Mani Square, on the eastern fringes of the city, having 6 lakh sq.ft of space, has already been taken up by players like RPG Retail (50,000 sq.ft) and Westside (30,000 sq.ft). Another 25,000 sq.ft is for Pantaloons' e-mart and e-zone, while IMAX and Adlabs together have taken up 40,000 sq.ft. Spencer has also taken up 70,000 sq.ft at the South City mall. The entry of Reliance Retail, of Reliance Industries Limited, in the city markets before the year-end would speed up the retail sector's pulse rate even higher.

Reliance Retail is now collecting feedback on the city's supply network for its hypermarket of 1 to 1.5 lakh sq.ft and supermarkets of 50,000 sq.ft. The huge demand for space is also because of the international brands, which are bringing in portfolios instead of just one brand. Marks and Spencer, Guess, Next, Bodyshop and Women's Secret have taken up 30,000 sq.ft at the Avani High, near Rabindra Sadan. The Marks and Spencer store will be one of its largest in the country.

My Dollar store, which has been having a successful run in Mumbai, has signed up for 20,000 sq.ft in New Town, Rajarhat, and is now looking at central business district areas.

Lifestyle, which is part of the Dubai-based Landmark Group, is looking around for 1 lakh sq.ft while its footwear and apparel brand, Max, will soon touch down in the city with an 8,000 to 10,000 sq.ft anchor store in a mall being developed on EM Bypass. Several entertainment companies are also adding to the clamour for space.
Mumbai-based Fun Republic is scouting for locations in Howrah and south Kolkata, while Cinemax is looking for properties between 30,000 and 35,000 sq.ft in Rajarhat and Howrah. M2K, a New Delhi-based multiplex, has signed up a 25,000-27,000 sq.ft area on EM Bypass.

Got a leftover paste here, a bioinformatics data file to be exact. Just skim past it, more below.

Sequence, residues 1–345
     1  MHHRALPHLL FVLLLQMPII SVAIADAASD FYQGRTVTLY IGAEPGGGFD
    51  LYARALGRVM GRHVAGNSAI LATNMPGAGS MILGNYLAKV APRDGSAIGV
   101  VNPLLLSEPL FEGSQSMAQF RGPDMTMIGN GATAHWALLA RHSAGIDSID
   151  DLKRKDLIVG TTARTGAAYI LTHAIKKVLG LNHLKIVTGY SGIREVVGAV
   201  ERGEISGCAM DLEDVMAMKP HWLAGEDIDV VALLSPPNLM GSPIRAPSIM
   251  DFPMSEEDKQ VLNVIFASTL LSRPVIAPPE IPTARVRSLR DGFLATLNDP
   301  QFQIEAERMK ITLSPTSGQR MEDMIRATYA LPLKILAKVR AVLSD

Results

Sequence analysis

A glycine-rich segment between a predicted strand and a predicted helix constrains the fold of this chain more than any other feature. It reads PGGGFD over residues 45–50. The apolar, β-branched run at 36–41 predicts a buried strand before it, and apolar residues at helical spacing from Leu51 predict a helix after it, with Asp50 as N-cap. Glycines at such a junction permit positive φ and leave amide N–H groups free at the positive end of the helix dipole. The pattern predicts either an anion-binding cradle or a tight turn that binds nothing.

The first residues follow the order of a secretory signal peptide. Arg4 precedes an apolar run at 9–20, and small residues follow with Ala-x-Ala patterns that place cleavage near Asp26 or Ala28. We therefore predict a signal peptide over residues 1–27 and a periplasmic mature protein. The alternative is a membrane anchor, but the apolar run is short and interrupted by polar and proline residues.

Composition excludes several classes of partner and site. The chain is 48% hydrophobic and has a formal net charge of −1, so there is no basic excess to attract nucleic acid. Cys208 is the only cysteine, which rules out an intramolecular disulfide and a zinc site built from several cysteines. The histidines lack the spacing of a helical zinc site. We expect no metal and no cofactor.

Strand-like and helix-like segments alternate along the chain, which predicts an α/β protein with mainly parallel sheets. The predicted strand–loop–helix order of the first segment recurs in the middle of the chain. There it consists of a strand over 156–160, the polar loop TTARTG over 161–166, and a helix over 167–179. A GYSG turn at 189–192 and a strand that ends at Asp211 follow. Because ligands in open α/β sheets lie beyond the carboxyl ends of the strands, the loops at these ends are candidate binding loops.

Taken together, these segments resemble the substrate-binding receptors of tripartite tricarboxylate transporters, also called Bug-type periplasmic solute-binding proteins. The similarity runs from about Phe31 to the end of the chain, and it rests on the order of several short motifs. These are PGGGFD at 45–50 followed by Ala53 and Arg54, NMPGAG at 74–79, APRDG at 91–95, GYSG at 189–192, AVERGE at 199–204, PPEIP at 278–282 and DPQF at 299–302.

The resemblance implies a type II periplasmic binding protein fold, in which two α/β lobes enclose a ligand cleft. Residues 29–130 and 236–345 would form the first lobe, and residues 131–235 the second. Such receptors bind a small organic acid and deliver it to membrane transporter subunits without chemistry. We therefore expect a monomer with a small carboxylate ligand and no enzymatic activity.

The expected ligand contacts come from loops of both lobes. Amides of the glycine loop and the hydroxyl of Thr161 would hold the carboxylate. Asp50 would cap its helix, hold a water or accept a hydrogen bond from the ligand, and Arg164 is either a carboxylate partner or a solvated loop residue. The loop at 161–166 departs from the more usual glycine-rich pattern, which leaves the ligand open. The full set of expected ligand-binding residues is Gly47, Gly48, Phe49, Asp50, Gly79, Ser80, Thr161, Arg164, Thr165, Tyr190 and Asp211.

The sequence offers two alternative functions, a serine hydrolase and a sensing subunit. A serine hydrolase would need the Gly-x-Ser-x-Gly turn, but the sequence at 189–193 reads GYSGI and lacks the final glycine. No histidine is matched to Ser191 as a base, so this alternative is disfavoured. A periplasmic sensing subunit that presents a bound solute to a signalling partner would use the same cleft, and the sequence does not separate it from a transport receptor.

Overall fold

Kolkata's shopping destinations

Kolkata has emerged as a strong prospective destination, lately, in the expansion plans of retailers, and is now perceived as a latent but highly potential market. Prominent retail chains like Music World, Westside, Dominos, Pizza Hut, Shopper's stop, Willsport, Barista, and Pantaloon have already established their presence in the market.

Besides these, there are small format, new local product markets like Shreeram Arcade, which offer a wide variety of items from garments, watches and footwear, to consumer durables like household electronic gadgets. The local retail chains, which have become household names in Bengal include Arambagh Hatcheries Ltd and Khadims.

The medium and large format branded and non-brand shopping complexes which have come up in Kolkata, and are operating successfully, include Forum, 22 Camac Street, Metroplaza, Emami No.1 City Centre, Enclave.
Changing shopping patterns

Shopping trends in Kolkata have witnessed a radical shift over the recent years from the conventional traders-run stand-alone shops to more organised and large retail formats. Banerjee believes, "Shopping is nowadays more an experiential family affair, than just a functional activity where someone merely picks up essentials on one's shopping-list and rushes back home. Currently, with average families being increasingly strapped for time to spend together, the basic activity of shopping has also been converted into a family outing combined with dining out and, say, a recreational activity like bowling. The infrastructure for this 'combined' family quality time together can only be provided by a mixed-use development like a shopping mall-cum-multiplex-cum-food court. Hence, you will now see more and more families catching up with their weekly provisions."

"Kolkata is going to be one of the best destinations for IT and other industries. Several malls and shopping plazas have been set up and the choice of the buyers has shifted from conventional stand-alone shops to organised shops. This is not only because of the availability of enough disposable money with the middle class, but also because organised shopping gives mental relief to, and saves time for, the buyers, who then like to follow it up with a meal at KFC and a movie at IMAX," says Bagchi.

Support from the state

With the current chief minister of West Bengal showing a liberal face, the retail industry is expected to get a fillip and lead to a very active commercial real estate market in Kolkata.